With Sino-US trade frictions escalating and the Trump administration seemingly bent on reining in China’s technology companies, telecom equipment players ZTE and Huawei are facing mounting challenges.
Targeted on the grounds that they pose a risk to US national security, the Shenzhen-based firms find themselves in a situation where they need to rethink their business plans and operational strategy.
Sanctions from the US, as well as some headwinds in Europe, couldn’t be coming at a worse time for the Chinese entities, given their ambitions to emerge as leaders in 5G mobile technologies.
If things get out of hand and the deadlock between Washington and Beijing is not resolved soon, ZTE and Huawei will have no option but to go back to the drawing board on some key aspects of their business.
On Monday, the US Commerce Department announced that it was prohibiting American firms from selling components and software to ZTE for a period of seven years.
The action against ZTE came after the Chinese firm was found in breach of an agreement that was reached last year to settle allegations of violation of US export sanctions on Iran and North Korea.
Adding to that, authorities on Tuesday outlined new rules that would bar American telecoms firms that receive federal subsidies from buying from products from foreign entities that are a deemed a security threat. Huawei and ZTE were apparently the main targets.
And that was not all.
On the other side of the Atlantic, UK authorities wrote to the nation’s telecoms providers warning them that the use of ZTE’s equipment and services could pose a national security risk.
Prior to the moves against ZTE by the US and UK governments, Huawei had been suffering a series of obstacles in selling its flagship smartphone in the US market.
The Chinese firm had planned a partnership with AT&T to sell its smartphones in the key market, but the deal was called off just hours before a scheduled press conference in January, with the US carrier apparently bowing to political pressure.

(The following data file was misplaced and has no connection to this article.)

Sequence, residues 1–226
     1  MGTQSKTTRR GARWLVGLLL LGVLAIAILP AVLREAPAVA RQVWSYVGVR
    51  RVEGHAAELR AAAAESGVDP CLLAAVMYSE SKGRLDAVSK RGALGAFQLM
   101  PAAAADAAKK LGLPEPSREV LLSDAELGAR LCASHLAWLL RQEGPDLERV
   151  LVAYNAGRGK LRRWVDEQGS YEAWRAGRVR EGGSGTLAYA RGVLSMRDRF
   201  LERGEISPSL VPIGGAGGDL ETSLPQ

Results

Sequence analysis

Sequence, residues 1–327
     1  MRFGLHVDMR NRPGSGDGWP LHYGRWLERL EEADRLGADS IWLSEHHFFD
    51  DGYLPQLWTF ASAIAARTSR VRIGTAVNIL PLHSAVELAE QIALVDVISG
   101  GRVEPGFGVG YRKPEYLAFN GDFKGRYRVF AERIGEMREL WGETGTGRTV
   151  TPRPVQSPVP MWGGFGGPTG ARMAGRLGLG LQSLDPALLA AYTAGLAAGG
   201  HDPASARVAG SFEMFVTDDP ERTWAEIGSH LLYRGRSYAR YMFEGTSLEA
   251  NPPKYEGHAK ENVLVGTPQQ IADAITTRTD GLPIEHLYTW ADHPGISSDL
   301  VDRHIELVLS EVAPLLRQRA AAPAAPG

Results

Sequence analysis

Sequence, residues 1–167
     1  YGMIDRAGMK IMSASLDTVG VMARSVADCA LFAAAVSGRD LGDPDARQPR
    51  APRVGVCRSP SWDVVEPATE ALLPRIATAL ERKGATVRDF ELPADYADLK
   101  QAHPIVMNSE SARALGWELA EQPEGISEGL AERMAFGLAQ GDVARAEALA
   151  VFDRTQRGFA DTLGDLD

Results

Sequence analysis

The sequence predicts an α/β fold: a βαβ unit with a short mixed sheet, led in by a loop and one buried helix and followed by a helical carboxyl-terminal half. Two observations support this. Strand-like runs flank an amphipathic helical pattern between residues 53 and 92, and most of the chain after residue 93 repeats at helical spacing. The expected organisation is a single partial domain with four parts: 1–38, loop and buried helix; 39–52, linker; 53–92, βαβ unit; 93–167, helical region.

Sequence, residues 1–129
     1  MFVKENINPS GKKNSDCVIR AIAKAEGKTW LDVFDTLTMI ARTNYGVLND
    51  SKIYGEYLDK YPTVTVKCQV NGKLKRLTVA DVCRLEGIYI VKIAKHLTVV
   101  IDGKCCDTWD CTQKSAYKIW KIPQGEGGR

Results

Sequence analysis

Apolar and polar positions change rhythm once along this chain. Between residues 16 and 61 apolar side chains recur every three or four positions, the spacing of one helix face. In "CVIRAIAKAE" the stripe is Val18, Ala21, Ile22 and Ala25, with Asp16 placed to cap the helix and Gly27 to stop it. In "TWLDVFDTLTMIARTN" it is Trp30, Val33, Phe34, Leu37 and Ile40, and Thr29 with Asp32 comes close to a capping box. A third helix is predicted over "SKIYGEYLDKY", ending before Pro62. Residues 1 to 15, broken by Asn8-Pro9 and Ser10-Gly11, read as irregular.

Later, another US telecoms carrier — Verizon — also dropped plans to sell Huawei phones.
The moves in the US and UK represent a fresh blow for the Chinese telecom equipment vendors and smartphone manufacturers, who have in a way become pawns in the broader trade war between the West and China.
For ZTE, the pain from the US sanctions will be acute as it is said to have been depending on American firms for about 30 percent of its overall component needs.
In chip procurement, the reliance on an American supplier — Qualcomm — is as much as 65 percent, according to an estimate.
Following the new US ban, ZTE needs to figure out a way to ensure continued supply of critical components or look for alternative options. Else, its manufacturing ability would be seriously undermined.
As developments continue to unfold, there will be apprehensions and fears among all of China’s telecoms and tech players, and not just ZTE and Huawei, about the fallout of a US trade war.
For smartphone players, mostly of which depend on Qualcomm and Intel for their semiconductor needs, the US action against ZTE serves as a reminder that they need to cut their reliance on foreign suppliers and develop their own technologies.
Huawei, for one, will be thanking itself for the foresight in launching its own chip and may now step up efforts on use of the Kirin 970 processor.
As for ZTE, it may have to seek out some Chinese firms for its mobile processor needs or turn to a Taiwanese player, MediaTek.
MediaTek has seen its processors being treated as underdogs compared to those from Qualcomm, but the new situation now may help the Taiwan firm’s offerings get propelled to the fore in the fast-growing China market.
Another important issue that ZTE faces is in relation to the use of the Android operating system.
Given that Android is a Google product and the fact that the US ban also covers software, there is uncertainty as to whether ZTE can continue rolling out Android products.
The fact remains most of the operating systems running on Chinese smartphones are based on the Android system. Though Chinese players have given their own names to the operating systems they use, the foundation is supported by US software.
It could be a huge challenge for ZTE and Huawei to develop their own mobile operating systems in the short term.
The only choice, as of now, may be to rely on the Alibaba-backed Aliyun OS, which is a Linux-based platform but is compatible with most of the Android software.
For the long term, what needs to be done by Chinese phone makers is to go down the path of developing their own foundational software and the supporting eco-system, however arduous the task may seem.
They should prepare for the worst-case scenario in the US trade war and cut the reliance on American technologies and products and build comprehensive domestic supply-chains.
The US sanctions on ZTE and Huawei, if anything, should serve as a reminder to Chinese firms that if they want to become world leaders, they need to develop new technologies on their own.
Otherwise, they will remain mere followers and be at the mercy of suspicious Western powers.
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